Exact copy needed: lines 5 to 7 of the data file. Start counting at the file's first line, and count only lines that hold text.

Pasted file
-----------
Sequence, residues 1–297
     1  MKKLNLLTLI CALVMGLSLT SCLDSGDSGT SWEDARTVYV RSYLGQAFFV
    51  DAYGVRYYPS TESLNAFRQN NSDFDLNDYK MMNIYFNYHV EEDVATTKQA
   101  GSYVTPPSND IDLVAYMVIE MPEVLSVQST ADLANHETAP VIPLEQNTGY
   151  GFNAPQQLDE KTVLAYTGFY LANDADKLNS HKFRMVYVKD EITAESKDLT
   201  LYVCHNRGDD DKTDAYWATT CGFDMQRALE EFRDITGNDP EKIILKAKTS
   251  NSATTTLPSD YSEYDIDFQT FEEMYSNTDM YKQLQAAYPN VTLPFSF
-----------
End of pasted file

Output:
   151  GFNAPQQLDE KTVLAYTGFY LANDADKLNS HKFRMVYVKD EITAESKDLT
   201  LYVCHNRGDD DKTDAYWATT CGFDMQRALE EFRDITGNDP EKIILKAKTS
   251  NSATTTLPSD YSEYDIDFQT FEEMYSNTDM YKQLQAAYPN VTLPFSF